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Page 9 of Mountain Life & Work vol. 17 no. 1 Spring, 1941

Part of Mountain Life and Work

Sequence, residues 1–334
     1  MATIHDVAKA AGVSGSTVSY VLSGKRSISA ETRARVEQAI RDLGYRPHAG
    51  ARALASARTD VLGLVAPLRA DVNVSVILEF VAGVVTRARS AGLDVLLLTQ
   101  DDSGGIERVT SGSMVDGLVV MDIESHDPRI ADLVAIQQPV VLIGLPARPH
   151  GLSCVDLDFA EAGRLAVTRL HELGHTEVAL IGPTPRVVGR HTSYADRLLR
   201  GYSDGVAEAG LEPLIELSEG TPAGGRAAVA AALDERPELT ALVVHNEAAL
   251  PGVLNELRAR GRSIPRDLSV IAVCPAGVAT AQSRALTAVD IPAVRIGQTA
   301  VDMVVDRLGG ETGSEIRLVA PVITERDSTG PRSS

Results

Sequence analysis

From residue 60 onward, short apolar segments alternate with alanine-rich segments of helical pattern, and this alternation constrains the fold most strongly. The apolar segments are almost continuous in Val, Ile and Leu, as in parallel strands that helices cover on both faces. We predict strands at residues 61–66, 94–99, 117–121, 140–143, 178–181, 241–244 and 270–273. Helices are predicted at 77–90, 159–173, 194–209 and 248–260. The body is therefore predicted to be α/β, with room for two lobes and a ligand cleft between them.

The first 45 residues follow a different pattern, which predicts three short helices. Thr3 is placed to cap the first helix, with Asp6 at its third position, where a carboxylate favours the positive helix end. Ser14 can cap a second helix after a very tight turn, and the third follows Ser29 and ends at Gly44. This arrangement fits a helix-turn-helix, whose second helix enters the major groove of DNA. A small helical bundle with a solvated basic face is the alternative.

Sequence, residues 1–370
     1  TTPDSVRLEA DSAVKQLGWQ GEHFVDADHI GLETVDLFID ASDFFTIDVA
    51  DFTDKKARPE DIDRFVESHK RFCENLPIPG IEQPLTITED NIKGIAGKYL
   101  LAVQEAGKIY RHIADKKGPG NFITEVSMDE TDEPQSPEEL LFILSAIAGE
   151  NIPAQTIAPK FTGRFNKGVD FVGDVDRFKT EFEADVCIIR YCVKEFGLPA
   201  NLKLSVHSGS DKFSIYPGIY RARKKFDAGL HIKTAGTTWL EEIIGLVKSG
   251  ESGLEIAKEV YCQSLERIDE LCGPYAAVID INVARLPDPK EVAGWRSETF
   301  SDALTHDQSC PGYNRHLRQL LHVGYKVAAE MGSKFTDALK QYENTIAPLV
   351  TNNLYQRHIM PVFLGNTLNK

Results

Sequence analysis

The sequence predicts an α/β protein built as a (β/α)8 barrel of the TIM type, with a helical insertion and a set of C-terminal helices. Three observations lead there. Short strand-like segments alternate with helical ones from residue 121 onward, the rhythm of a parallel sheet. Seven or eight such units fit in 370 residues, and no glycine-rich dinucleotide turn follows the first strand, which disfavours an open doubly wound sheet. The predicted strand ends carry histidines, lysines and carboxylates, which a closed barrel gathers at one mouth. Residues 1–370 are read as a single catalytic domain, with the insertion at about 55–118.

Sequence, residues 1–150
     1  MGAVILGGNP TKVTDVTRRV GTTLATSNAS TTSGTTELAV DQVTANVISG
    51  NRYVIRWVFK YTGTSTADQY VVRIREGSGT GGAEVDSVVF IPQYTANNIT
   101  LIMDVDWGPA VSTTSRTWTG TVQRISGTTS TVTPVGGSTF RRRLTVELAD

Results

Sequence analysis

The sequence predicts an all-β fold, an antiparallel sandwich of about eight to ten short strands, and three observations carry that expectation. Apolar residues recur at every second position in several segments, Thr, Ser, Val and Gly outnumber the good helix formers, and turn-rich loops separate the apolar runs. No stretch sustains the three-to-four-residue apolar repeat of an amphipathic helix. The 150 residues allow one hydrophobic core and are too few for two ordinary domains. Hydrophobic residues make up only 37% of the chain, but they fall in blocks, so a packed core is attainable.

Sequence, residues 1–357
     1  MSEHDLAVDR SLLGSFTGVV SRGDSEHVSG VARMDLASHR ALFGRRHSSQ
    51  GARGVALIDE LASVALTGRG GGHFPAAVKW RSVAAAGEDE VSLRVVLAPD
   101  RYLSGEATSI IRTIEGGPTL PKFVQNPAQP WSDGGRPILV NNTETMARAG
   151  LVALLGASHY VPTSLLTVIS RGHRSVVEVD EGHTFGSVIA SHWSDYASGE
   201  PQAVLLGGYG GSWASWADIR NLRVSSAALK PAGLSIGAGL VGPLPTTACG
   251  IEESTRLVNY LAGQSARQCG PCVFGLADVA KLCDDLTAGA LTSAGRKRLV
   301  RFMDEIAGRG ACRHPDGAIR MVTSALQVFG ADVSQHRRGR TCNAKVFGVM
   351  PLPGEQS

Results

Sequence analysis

Spring, 1941 MOUNTAIN Lire AND WORK the wording might lend itself to various interpre­tations at one point or another, one dare not tamper too much with these phrases if the in- tegrity of the group discussion is to be respected. What are the particular strengths o f these sects? 1. They provide lay participation. 2. They are elementally emotional, providing recreation and release. 3. They are a Bible religion. 4. They are a class religion (the religion of the disadvantaged). 5. They are a group religion (placing more em­phasis on the group than on the individual so far as worship services are concerned). 6. They provide an easy, other-wordly religion. 7. They are cyclic religions, with alternating seasons of great fervor and of inactivity. 8. They are militant and dogmatic. 9. They are perfectionist. (Making few de­mands en the individual, such religion enables him to have a sense of achieving integrity by meeting those demands.) What are the problems and weaknesses o f tra- ditioraal religions? 1. Lack of understanding and sympathy: Intel­lectually we perceive, but not having been so disadvantaged, we do not understand their point of view. 2. Imposition of external standards-of wor­ ship, literature. 3. "Not sitting where they sit," or not sharing as Muriel Lester and Kagawa did. Taking away what people have without making replacement with an idea or practice which will adequately meet the felt need. Expense to the people: It requires nice clothes, and money for the collection. 6. Complaint rather than work: We complain about evils and perhaps about people's errors without striving zealously to remove them. 7. Peace for peace's sake: We sometimes follow a policy of appeasement with evil-i.e. we do not boldly criticize such practices as handling poisonous snakes and fire. 8. Conventionality: We are too easily satisfied with the forms of religion without the sub­stance. Failure to use simple ideas and language in striving to get our message across. 10. Traditional religions are too "programized" 5. 9. and "Institutionalized.­ Lack 11. of humorous self-criticism: If we could see our selves and what we are trying to do as others see us, and laugh at ourselves, that might help. 12. There is false and exaggerated promotion of work to outside agencies, leading to resent­ment on the part of the folks with whom we are working. 13. Localism. 14. There is paternalism: in the sense of "W;: come to do you good," and also in where the final power of decision lies. Where might we appropriate strength? 1. Provide for local and lay participation. 2. Minister to emotional needs: a. Through warm human fellow ship-sing-­ ing, recreation, cooperation. b. Through providing for complete re­ligious experience for each individual, suited to his temperament. Provide intelligent, intensive, and reverent Bible religion. Work toward closer identification with the folk with whom we are working. Develop a program to meet folk needs such as that proposed by Friends of the Soil. Provide a whole Gospel with proper emphasis on and interpretation of immortality. Arrange a well-balanced observance of the church year rooted in rural experience. Provide sacramental emphasis, as a moans of giving concreteness to a group to whom the abstract does not appeal. Insist upon clear-cut, total, and active com­mitment. Let us take our gospel and our re­ligion as seriously as the best of then, take theirs. How cooperate in a forward-going program? 1. Through Christian fellowship: a. In worshiping with them, i. e. those of fine, sincere type (they are not all alike anymore than are the members of other churches). b. In service, e. g. helping to rebuild the house of one of the neighbors who got burned out. c. In recreation-especially for youth. 6.

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